Time to take a little break from talking about Oscar fare (although, who knows...) for a look at a brand-new theatrical release, one that I've been breathlessly anticipating for a good two-plus years.
Broodingly swinging into cinemas this past weekend, Matt Reeves' suspense thriller epic The Batman impressively manages to honor previous cinematic iterations of the iconic superhero while also presenting him and his universe in a fashion we've never seen before on the movie screen. While Christopher Nolan's vaunted Dark Knight trilogy for the most part kept the character grounded in reality there were still fantastical elements to each film - the microwave emitter designed to vaporize the water supply, the citywide network of cellphones rigged up to transmit sonar imagery to Batman's goggles, etc. But Reeves and his team have taken Nolan's realism-based approach one step further, presenting the story in grimy, believable detail in a manner akin to 1970s crime drama, via a 1990s David Fincher aesthetic.
The Batman in this universe isn't a superhero at all, but a tortured, vengeance-obsessed vigilante prowling the streets and looking for criminals to punish. He's inexperienced, only two years into his grand mission to redeem the dysfunctional, corrupt hellscape Gotham has become, and aside from idealistic Lieutenant Jim Gordon (a terse-lipped Jeffrey Wright), he's seen as a freak and a troublemaker by the GCPD.
But Gordon needs Batman's help more than ever when the police stumble onto a series of grisly murders carried out by another masked "crusader" calling himself The Riddler (Paul Dano in a frighteningly unhinged performance). The killer is targeting respected public officials and leaving clues specifically for Batman to solve, hoping to catch the attention of the cowled avenger who seemingly inspired him. The clues lead Batman deep into Gotham's dingy underworld as he investigates possible connections to crime boss Carmine Falcone (a gravel-voiced John Turturro), his deputy Oswald "Penguin" Cobblepot (Colin Farrell, unrecognizable but having the decadent time of his life under all those prosthetics), and a mysterious cat burglar who moonlights as a mafia nightclub hostess (a sultry Zoe Kravitz who conveys intense chemistry with her costumed costar, in the most three-dimensional Selina Kyle cinematic characterization to date).
Of the plot I won't spoil anything further, but it pays homage to films like Se7en, Zodiac, and even Saw, while also including the occasional nod to Nolan. Suffice it to say you'll be kept guessing until deep into the third act.
Matt Reeves and cinematographer Greig Fraser (fresh off his Oscar nominated work for Dune) have crafted an oppressive, murky, rain-soaked Gotham City that's as much a character as it is a setting. Batman's cobbled-together gray and black body armor blends right into this film noir metropolis (no pun intended) and the only time we seem to catch a glimpse of the sun is during its laborious morning rise. The look of this film combines a bit of Tim Burton's stylized, Expressionist sensibilities with Nolan's living, breathing 21st century urbanism, and the result is maybe the most purely immersive Gotham to date.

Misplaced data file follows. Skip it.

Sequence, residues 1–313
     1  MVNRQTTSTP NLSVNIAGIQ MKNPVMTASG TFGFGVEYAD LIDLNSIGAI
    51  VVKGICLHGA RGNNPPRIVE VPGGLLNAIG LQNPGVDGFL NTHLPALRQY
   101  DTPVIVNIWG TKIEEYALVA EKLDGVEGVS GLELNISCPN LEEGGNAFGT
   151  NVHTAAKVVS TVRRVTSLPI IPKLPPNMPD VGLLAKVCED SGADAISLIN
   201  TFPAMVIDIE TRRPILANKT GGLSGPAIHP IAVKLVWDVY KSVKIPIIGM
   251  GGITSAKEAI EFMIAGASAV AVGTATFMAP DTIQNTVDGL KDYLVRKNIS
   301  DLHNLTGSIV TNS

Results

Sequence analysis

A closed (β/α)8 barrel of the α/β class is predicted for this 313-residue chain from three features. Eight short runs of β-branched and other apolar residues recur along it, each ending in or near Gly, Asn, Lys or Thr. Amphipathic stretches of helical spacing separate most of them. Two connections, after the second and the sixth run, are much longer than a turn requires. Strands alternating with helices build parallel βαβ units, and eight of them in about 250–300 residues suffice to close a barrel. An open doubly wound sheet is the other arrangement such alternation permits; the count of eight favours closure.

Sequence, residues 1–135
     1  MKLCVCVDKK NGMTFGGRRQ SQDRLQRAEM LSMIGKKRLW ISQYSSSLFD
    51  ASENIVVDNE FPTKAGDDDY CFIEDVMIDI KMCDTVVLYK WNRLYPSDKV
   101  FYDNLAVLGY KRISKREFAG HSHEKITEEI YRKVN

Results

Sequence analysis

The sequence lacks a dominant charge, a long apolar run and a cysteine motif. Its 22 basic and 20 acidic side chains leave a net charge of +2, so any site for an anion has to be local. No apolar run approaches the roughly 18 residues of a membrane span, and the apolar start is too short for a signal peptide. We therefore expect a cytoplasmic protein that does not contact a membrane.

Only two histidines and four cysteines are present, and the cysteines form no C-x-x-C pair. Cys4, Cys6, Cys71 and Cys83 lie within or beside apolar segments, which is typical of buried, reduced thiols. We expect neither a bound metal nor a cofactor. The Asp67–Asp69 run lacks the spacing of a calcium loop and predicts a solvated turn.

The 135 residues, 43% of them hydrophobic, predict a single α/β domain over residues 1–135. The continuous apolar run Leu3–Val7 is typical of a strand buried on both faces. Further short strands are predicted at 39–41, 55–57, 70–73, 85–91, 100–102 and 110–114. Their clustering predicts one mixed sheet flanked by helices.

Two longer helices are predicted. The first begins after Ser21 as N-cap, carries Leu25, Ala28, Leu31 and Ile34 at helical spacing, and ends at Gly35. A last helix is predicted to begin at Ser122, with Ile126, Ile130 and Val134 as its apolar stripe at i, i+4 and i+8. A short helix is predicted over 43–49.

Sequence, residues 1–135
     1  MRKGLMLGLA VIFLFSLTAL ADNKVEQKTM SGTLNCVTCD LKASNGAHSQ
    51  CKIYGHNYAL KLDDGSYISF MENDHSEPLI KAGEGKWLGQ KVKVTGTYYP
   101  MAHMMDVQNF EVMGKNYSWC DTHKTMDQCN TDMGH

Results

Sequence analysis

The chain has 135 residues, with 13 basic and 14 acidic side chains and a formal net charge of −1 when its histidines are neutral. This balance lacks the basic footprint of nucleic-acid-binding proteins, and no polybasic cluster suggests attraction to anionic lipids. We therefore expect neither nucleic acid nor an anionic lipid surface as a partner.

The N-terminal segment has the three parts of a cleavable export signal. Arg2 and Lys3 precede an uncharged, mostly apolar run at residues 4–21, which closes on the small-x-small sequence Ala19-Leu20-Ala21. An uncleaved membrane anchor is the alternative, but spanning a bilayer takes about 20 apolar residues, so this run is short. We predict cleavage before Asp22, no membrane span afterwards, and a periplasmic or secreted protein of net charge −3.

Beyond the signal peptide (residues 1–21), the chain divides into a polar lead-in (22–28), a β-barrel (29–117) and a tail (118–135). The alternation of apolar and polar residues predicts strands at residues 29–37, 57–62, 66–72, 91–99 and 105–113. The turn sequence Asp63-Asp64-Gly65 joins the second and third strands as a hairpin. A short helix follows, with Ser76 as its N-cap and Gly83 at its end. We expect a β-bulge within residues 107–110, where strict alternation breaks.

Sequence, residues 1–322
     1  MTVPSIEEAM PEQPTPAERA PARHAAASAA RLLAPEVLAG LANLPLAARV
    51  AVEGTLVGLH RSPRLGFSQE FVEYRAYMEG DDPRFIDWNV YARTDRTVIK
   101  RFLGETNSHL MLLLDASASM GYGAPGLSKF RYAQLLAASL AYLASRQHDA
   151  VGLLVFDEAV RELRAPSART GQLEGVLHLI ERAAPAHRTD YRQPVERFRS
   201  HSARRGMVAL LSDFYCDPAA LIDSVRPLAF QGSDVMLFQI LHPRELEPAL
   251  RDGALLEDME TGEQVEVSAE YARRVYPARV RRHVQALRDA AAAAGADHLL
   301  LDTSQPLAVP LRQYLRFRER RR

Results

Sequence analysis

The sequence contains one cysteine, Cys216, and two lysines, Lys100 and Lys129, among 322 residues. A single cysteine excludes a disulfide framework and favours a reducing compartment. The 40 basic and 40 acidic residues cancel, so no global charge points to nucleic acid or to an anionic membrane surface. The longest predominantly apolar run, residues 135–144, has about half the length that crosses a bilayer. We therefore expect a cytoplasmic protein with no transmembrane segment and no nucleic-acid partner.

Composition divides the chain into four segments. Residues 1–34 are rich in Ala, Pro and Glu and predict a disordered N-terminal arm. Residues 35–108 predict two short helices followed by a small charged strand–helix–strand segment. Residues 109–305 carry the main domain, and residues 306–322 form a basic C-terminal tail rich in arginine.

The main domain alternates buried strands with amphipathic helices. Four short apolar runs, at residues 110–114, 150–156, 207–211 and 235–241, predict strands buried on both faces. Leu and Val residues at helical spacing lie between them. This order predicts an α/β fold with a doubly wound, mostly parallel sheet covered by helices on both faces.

As for Batman himself, he's front and center throughout the film, present in nearly every scene, and spends probably 80% of the movie in the cape and cowl. This version of Bruce Wayne is unconcerned about pretending to be a public-facing billionaire playboy in the hopes of preserving his parents' legacy. Instead he's addicted to assuming his "true form" and beating a raincheck into the city's bad guys. Still he's far from an optimist, revealing via journal voiceover that he doubts his nocturnal activities will end up making much of a difference in the long run. "Still, I have to try," he says, defeatedly. This Bruce Wayne hasn't yet learned how to be a symbol of hope, only one of fear. Pattinson keeps Bruce's emotions close to the chest, delivering a sullen, understated turn that fits right in with the film's pulpy noir interpretation. This Bruce Wayne is not ready to inspire by example, but there's plenty of room for him to grow into the role of Gotham's savior.
Spread out over an intimidating three-hour runtime, The Batman nonetheless keeps us riveted, if not on the emotional level of Nolan's take, most definitely on a cerebral level. This film is a detective story first, exploring this aspect of Batman's mythos in ways heretofore unseen on the big screen. Strangely this proved to be both an unusual take on Batman while also being in many ways the most true to the source material. More than any other live-action adaptation, The Batman feels like an honest-to-goodness graphic novel come to life. At the same time it transcends the superhero genre even moreso than The Dark Knight trilogy, steeping the story in austere crime-film realism and exploring very relevant themes such as socioeconomic inequality, paranoia, government corruption and internet fame. This is both a Batman film we never thought we'd see AND maybe the most direct cinematic adaptation of the comic's original and modern sensibilities.
If I have any nitpicks about it, they'd be related to first-act pacing; such care was taken in bringing comic book panels and tableaus to life that the characters often move in strangely deliberate fashion, which was a little offputting at first. Likely 15-20 minutes could've been trimmed to make the movie a bit more palatable, but at the same time the 175 minutes didn't feel overly long to me. When it was over I couldn't wait to see where else Reeves et al take this version of the character and his rogues gallery. This version is as welcome a Gotham City shakeup as Batman Begins was in 2005. The Batman part 2 can't get here soon enough.
I give The Batman **** out of ****.
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